So when I learned that Mom was expecting, I began to pray. I prayed with the confidence that only an eleven year-old raised in church can have, certain that God would hear me and answer me.

There is a sense in which we believe that the only prayer of the unregenerate heart which God will acknowledge is, "LORD, save me!"

God hears the prayers of His children. Can it be that the earnest prayer of a child fits that category? I don't know. I know that the Church has always taught its children to pray. I know from many incidents recorded in the Bible that Jesus loves the little children.

At any rate, about 8 in the evening on October 21, 1959 (my dad's 33rd birthday), the call came from the hospital. My mother had given birth to a "fine baby boy."

Was I overjoyed? As much as I love words, I cannot begin to express my feelings. Or the fellowship that we shared from the first
time we met. Eleven years between us, but two GUYS, the first guy
whose company I ever truly enjoyed. How I defended him from my sisters when they wanted to put make-up on him and dress him up. Playing football in the backyard. Not letting the other guys break up a fight between him and David Treadaway until Rod began to gain the upper hand. If you're a guy and you have a brother, I don't have to tell you any of this.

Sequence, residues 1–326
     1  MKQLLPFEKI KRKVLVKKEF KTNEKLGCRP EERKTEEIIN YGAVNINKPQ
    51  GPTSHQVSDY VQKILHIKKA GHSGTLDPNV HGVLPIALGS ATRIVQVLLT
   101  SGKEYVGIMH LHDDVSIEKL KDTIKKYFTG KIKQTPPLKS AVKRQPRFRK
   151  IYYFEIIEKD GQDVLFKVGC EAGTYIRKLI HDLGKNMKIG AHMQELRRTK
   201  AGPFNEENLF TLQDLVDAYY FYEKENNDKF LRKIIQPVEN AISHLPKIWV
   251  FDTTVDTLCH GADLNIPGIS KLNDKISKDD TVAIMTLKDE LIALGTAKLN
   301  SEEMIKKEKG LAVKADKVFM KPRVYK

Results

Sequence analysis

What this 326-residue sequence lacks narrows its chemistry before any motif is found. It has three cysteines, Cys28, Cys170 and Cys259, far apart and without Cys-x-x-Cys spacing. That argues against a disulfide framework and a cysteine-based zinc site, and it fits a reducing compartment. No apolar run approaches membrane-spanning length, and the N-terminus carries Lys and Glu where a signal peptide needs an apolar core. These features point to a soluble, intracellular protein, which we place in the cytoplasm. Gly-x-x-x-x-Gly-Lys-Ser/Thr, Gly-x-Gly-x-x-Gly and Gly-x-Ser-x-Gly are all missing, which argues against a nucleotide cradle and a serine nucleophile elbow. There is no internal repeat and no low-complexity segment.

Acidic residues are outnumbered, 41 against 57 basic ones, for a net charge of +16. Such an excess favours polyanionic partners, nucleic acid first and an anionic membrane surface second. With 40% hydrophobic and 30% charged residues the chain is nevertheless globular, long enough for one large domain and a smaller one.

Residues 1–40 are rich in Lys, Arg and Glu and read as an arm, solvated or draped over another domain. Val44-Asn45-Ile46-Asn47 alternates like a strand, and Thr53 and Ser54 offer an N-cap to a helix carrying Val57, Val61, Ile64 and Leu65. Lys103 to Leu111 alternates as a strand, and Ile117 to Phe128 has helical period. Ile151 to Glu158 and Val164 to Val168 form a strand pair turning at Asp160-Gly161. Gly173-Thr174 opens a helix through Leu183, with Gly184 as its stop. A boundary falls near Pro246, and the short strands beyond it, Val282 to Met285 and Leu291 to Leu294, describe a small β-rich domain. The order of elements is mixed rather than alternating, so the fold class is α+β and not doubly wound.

Funny thing about that prayer. I don't recall praying much (if any) at all after that. For a long time. Until that storm-lashed night (in October again) when I cried out, "LORD save me!"

But since then, I have prayed. Prayed for mercy for my mom. Prayed for forgiveness daily. Prayed for Christian brothers and sisters undergoing the trials that we all face in this life.

Since then, I have prayed for my brother again. How blessed I have been to have such a brother. Even when we have been angry with each other, forgiveness has always followed quickly.

But I would have him be my brother in Christ also. I would play football with him in the backyard of heaven. With brand new bodies able to run like the wind, "soft hands" to catch those lofted passes, eyes sharp to "look the ball into your hands."